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PROTONLY project: Graphene layer improves performance of DMFCs

A graphene layer can significantly reduce the permeability of a fuel cell membrane without affecting the proton conductivity too much. ZBT and AMO have worked out how this can be done in the joint PROTONLY project.

Current-voltage characteristics of DMFC MEAs with graphene-coated Nafion™ 115 membranes compared to an uncoated reference (REF_MEA_I). Dotted lines indicate 5-molar operation, solid lines indicate 1-molar operation. Same colour means same membrane. MEA_I (130µg/cm² graphs, red curves) shows very good performance in 5-molar operation.

Membrane with sprayed graphene layer (Photo: AMO GmbH)

Membranes in polymer electrolyte membrane fuel cells (PEMFC), direct methanol fuel cells (DMFC) or vanadium redox flow batteries (VRFB) should simultaneously be as permeable as possible for protons and as dense as possible for operating media. Together with project partner AMO Gesellschaft für Angewandte Mikro- und Optoelektronik from Aachen, Germany, ZBT has made great progress in this direction in the project "PROTONLY - New membrane generation with proton-permeable barrier layers for electrochemical applications".

During the project, a process was developed with which graphene layers can be applied to perfluorosulfonic acid (PFSA) membranes in such a way that the targeted improvements could be achieved, particularly in the field of DMFC applications. Further modification of the entire barrier-membrane-electrode composite also contributed to this.

When operating a DMFC with 5-molar methanol solution, the permeability of a coated Nafion™ 115 membrane was reduced by a factor of almost 20 compared to an uncoated membrane. At the same time, a reduction in protonic conductivity of about 17% was measured. The losses in protonic conductivity are thus 7 percentage points higher than the target set, but this was also set in combination with an improvement in the barrier effect by a factor of 10. Thus, a proton flux reduced by only 17 % with a simultaneous reduction in methanol permeation by a factor of 20 appears to be an enormous success.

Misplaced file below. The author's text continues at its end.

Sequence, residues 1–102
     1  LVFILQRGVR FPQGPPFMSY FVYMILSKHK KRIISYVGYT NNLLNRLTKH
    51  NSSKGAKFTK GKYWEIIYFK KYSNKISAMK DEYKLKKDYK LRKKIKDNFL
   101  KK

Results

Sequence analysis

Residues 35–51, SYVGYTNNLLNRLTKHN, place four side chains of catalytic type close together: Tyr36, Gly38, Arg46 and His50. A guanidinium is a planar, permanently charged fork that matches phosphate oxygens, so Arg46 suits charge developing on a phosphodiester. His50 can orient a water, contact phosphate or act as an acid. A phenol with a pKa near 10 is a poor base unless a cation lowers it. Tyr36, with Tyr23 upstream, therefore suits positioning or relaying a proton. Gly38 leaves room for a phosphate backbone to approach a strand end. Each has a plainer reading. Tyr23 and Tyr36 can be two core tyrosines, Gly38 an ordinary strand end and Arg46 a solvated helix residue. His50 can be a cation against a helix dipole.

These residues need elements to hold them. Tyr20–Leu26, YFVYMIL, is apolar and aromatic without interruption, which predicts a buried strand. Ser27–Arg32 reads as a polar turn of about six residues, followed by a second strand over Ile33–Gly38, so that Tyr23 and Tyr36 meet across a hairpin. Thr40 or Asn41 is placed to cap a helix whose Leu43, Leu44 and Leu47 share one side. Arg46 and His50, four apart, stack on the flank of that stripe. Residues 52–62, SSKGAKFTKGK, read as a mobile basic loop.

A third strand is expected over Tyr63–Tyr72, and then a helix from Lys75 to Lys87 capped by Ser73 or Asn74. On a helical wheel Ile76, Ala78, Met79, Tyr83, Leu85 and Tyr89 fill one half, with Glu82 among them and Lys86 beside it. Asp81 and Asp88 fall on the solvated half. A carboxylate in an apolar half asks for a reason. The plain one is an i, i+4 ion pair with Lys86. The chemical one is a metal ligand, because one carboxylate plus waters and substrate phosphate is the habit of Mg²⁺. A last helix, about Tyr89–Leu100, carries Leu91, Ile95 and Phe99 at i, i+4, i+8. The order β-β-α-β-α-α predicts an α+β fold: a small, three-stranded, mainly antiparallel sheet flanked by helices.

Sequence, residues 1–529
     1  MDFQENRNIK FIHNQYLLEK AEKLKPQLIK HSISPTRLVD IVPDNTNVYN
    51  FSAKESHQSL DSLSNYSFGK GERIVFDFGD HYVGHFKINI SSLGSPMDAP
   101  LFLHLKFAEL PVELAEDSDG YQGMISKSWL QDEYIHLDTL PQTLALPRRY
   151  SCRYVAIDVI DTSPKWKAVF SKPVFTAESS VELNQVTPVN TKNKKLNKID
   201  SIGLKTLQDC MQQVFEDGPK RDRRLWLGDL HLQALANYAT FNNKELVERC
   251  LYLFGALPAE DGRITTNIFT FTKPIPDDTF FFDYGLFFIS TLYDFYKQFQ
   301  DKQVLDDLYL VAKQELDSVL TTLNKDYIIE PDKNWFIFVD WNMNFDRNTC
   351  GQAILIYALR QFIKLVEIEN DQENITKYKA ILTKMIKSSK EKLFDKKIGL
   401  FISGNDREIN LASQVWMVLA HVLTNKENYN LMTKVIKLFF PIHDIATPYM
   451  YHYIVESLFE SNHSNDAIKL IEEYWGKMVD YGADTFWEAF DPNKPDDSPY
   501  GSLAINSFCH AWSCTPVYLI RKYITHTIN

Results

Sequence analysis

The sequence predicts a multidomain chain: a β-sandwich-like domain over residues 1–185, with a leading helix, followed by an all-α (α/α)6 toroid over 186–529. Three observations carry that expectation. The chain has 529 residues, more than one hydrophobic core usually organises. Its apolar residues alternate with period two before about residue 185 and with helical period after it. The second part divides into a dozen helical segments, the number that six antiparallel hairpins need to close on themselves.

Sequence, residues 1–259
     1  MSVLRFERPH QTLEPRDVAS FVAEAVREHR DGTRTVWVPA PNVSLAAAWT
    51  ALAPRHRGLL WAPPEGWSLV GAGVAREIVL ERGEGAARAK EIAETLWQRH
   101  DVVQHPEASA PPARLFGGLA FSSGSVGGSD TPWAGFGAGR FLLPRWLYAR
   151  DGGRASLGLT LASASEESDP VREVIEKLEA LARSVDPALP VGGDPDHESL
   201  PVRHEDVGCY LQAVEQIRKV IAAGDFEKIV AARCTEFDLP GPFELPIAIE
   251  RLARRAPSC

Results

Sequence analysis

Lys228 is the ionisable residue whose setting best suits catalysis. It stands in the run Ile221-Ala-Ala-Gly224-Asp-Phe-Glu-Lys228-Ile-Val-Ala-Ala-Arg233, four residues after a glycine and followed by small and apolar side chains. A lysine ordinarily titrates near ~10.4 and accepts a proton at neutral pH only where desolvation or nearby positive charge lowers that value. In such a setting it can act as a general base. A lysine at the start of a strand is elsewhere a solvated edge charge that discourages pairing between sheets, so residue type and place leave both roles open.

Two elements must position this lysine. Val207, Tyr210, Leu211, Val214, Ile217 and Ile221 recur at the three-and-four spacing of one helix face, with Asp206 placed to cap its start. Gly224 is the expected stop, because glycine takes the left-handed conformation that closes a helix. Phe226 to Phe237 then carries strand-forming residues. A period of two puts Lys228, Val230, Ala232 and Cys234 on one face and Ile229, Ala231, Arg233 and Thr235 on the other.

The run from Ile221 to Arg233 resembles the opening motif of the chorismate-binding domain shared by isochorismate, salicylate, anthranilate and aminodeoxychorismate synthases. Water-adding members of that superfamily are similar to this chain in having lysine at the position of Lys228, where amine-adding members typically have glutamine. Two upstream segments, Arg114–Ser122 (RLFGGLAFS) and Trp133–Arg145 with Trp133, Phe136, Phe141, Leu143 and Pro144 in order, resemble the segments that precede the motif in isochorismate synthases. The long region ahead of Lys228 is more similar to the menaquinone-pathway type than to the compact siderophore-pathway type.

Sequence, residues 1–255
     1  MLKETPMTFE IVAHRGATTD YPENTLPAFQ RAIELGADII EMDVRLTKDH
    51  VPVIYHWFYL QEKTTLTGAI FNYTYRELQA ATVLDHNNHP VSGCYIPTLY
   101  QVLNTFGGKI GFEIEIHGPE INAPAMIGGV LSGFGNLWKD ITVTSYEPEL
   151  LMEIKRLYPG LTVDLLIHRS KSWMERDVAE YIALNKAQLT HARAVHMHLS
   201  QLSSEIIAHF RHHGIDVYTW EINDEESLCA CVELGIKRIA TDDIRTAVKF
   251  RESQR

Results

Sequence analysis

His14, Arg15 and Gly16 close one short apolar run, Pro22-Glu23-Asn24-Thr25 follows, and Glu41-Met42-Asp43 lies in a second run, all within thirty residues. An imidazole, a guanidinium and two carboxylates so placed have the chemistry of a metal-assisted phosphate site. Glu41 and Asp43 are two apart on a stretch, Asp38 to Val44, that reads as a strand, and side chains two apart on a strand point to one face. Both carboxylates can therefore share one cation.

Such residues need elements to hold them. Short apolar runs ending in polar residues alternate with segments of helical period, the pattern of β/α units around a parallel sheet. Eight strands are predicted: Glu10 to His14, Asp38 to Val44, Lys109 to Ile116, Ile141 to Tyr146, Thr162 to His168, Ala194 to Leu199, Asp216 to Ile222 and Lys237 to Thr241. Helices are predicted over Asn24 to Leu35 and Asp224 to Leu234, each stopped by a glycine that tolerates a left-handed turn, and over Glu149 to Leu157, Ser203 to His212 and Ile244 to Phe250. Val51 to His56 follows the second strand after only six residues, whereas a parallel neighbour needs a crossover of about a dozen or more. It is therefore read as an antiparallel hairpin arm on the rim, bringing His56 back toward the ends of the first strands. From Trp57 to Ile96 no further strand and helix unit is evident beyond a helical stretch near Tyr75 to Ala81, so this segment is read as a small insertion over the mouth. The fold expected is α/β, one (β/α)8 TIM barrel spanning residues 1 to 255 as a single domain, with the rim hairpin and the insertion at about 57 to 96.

As a result of the greatly increased barrier effect with acceptable restriction of the proton conductivity, a 3.8-fold increase in performance was thus recorded in 5-molar DMFC operation compared with an uncoated membrane.

This is explained not least by an increase in the total conductivity through the plane of the entire membrane electrode assembly (MEA) by about 17 % from 3.08 mS/cm to 3.6 mS/cm. Electronic (contact) resistances and crossover-related reaction resistances also play a role in the overall conductivity, which could be significantly reduced by using graphene.

In addition to the DMFC, a fundamental blocking effect was also observed in the vanadium redox flow battery during the project, but here the graphene layer was only stable for a short time. In the case of the PEMFC, the significantly increased blocking effect unfortunately did not compensate for the significantly reduced proton conduction. The measured performance data were lower than those without the graphene layer.

Reg. No.: 49VF170040 (INNO-KOM)
Short title: PROTONLY
Duration: 1 November 2018 - 31 December 2021
Department of Electrochemical Components

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